Owners of America's second-largest private company, brothers Charles and David Koch are each worth more than $40 billion. They are best known as backers of conservative causes. The attack ads they funded helped wrest control of the senate from Democrats in 2014, and for the upcoming 2016 elections, the Koch brothers plan to increase their spending to $889 million.
Scary stuff, right?
But as we've reported often, there’s another side to the Koches and where their money goes. David Koch in particular has engaged in major philanthropy that has nothing to do with politics or libertarian ideology. He's given heavily to arts institutions in New York City and even more generously for health care causes.
In the early 1990s, Koch was involved in a plane crash. And while he survived, a doctor discovered that he had prostate cancer. His experience of battling cancer galvanized him to engage in medical issues more broadly, a story we see again and again with health care philanthropy, one of the most personal areas of giving. As Koch put it, “Once you get that disease... you become a crusader to try to cure the disease not only for yourself but for other people.”
In 2007, Koch gave $100 million donation to establish the David H. Koch Institute for Integrative Cancer Research at MIT. Other gifts include $20 million to Johns Hopkins University to establish the David H. Koch Cancer Research Center, $75 million to Memorial Sloan Kettering Cancer Center (MSK) in New York City, where he's been a member of the board of trustees for 25 years, and at least $1 million to MD Anderson Cancer Center in Texas in 2013, where Koch has received much of his own cancer treatment.
This week, Koch announced another big gift to MSK for $150 million, the largest charitable donation in his and the center’s history, to build a state-of-the-art outpatient medical facility to be known as the David H. Koch Center for Cancer Care. (Think of all the New York liberals who'll shudder at the thought of being treated there, just as they cringe when they walk into the David Koch Theater at Lincoln Center—so named in 2008 after Koch put up $100 million to renovate the place.)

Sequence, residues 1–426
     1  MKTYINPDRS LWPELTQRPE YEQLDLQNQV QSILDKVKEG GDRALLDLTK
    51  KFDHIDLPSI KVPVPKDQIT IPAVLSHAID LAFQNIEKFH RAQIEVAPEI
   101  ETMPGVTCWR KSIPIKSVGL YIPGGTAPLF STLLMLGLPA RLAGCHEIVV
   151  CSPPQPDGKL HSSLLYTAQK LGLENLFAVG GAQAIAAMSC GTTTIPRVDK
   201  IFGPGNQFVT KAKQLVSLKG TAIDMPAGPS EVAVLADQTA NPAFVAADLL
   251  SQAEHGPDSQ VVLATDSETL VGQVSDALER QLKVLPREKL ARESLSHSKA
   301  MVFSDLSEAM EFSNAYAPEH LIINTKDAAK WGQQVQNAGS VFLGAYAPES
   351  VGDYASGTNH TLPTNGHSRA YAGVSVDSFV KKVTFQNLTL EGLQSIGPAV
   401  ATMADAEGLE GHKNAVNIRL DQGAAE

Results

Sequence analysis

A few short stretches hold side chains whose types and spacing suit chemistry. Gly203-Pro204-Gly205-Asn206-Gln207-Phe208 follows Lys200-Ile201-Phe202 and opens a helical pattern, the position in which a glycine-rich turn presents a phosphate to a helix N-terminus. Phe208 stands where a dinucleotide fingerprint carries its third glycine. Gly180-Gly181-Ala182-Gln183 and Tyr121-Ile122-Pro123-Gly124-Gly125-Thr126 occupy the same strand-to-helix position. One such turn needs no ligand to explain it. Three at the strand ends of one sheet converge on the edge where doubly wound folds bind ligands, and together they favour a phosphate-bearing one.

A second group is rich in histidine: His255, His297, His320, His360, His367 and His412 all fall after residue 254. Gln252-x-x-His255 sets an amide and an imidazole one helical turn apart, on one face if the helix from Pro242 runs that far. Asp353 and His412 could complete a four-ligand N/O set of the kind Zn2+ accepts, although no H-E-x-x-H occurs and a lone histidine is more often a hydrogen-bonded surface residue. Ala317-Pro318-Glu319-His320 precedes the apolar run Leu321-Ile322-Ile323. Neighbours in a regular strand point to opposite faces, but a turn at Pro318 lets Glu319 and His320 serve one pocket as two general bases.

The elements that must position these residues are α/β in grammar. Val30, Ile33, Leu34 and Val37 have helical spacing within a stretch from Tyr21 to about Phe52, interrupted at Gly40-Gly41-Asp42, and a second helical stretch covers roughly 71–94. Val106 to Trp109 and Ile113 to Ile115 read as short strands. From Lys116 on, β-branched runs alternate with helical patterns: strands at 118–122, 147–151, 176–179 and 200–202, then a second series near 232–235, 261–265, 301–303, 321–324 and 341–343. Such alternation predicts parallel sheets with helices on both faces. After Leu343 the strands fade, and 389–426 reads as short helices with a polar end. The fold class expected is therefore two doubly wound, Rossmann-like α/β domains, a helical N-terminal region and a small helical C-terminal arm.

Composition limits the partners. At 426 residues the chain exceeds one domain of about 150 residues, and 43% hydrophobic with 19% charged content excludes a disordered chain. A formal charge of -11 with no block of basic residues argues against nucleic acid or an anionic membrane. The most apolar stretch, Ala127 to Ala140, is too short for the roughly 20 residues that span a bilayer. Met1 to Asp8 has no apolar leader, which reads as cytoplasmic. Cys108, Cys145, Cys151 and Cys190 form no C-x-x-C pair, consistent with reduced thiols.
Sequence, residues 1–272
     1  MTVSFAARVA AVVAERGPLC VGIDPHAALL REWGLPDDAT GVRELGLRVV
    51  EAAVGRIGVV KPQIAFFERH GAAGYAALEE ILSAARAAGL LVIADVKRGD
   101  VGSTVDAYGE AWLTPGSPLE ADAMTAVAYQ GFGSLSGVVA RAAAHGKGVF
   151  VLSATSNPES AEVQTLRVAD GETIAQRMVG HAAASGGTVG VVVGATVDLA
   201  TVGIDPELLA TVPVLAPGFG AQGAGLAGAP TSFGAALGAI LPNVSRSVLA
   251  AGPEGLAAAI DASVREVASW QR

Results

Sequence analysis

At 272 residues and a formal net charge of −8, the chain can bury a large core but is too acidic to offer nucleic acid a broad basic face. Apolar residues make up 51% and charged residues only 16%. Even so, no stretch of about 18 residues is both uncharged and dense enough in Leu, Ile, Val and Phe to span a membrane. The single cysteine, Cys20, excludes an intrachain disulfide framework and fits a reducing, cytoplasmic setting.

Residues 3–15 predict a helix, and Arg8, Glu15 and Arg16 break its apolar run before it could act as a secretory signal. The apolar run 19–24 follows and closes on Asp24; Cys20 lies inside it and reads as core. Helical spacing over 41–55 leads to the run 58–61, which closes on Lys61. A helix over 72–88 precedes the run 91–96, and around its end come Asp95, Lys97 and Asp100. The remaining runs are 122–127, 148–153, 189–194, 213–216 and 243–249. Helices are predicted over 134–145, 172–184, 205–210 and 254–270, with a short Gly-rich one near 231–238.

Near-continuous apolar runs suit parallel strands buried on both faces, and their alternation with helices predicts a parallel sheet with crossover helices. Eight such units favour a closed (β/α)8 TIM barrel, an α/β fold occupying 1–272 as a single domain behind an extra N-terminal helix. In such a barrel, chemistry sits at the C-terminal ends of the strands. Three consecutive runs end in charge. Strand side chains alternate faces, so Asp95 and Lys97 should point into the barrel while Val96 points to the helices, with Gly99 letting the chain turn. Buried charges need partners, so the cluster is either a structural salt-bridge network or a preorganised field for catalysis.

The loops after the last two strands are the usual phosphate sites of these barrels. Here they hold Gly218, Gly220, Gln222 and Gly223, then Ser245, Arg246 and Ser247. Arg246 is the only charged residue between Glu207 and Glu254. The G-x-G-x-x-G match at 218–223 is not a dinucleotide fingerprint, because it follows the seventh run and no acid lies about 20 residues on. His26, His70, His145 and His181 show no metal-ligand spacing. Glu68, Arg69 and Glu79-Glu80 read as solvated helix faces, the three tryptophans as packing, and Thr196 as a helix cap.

Planning for the cancer center was underway before receiving Koch’s commitment. The 23-story building is now under construction on the Upper East Side between East 73rd and 74th Streets overlooking the East River, which the waiting rooms will face, offering patients a welcome distraction during a trying time. The facility will provide the most advanced cancer treatment available, including interventional radiology, bone marrow transplants and treatment for lung, head, neck and hematologic cancers. The center will offer novel clinical trials giving patients access to treatment they wouldn’t be able to get otherwise.
The need is pressing. The World Health Organization anticipates cancer surging by 70 percent over the next 20 years. The American Cancer Society estimates a total of 1.6 million new cancer cases and 589,430 cancer deaths in the United States in 2015. New York City, with its aging population, is particularly vulnerable. The number of city residents over the age of 65 is expected to increase by 45 percent to 1.35 million by 2030.
The Koch gift is in addition to that $75 million he has previously given MSK, which went to found the David H. Koch Center for the Immunologic Control of Cancer, endow two David H. Koch Chairs, and provide ongoing support for research into prostate cancer, which causes the biggest number of cancer cases in American men.
“We are deeply grateful,” said Douglas A. Warner III, Chairman of the MSK Boards of Overseers and Managers. “The David H. Koch Center for Cancer Care will accommodate the most sophisticated therapies and constantly evolving technologies in a setting that enhances the experience of our patients and their families.”
“It is my ardent hope now that the new Center for Cancer Care will transform cancer treatment worldwide,” said Koch.
MSK cares for more cancer patients with than any other hospital in the Northeast, an average of 4,700 patients a day at all of MSK’s locations. Because of recent medical advances, fewer patients require hospitalization, increasing the demand for outpatient care. “The creation of this outstanding facility will be a real game changer for Memorial Sloan Kettering,” said Craig B. Thompson, MSK’s President and Chief Executive Officer.
Now, to the obvious question: Does the timing of this gift have anything to do with recent Koch efforts to improve the brothers' public image, even as they plot their biggest plutocratic power grab yet? We think not, given David Koch's long history with cancer and MSK. We'd also note that Koch isn't the only political mega-donor with separate interests beyond ideology and elections. Sheldon Adelson, for example, also gives big for healthcare and medical research.
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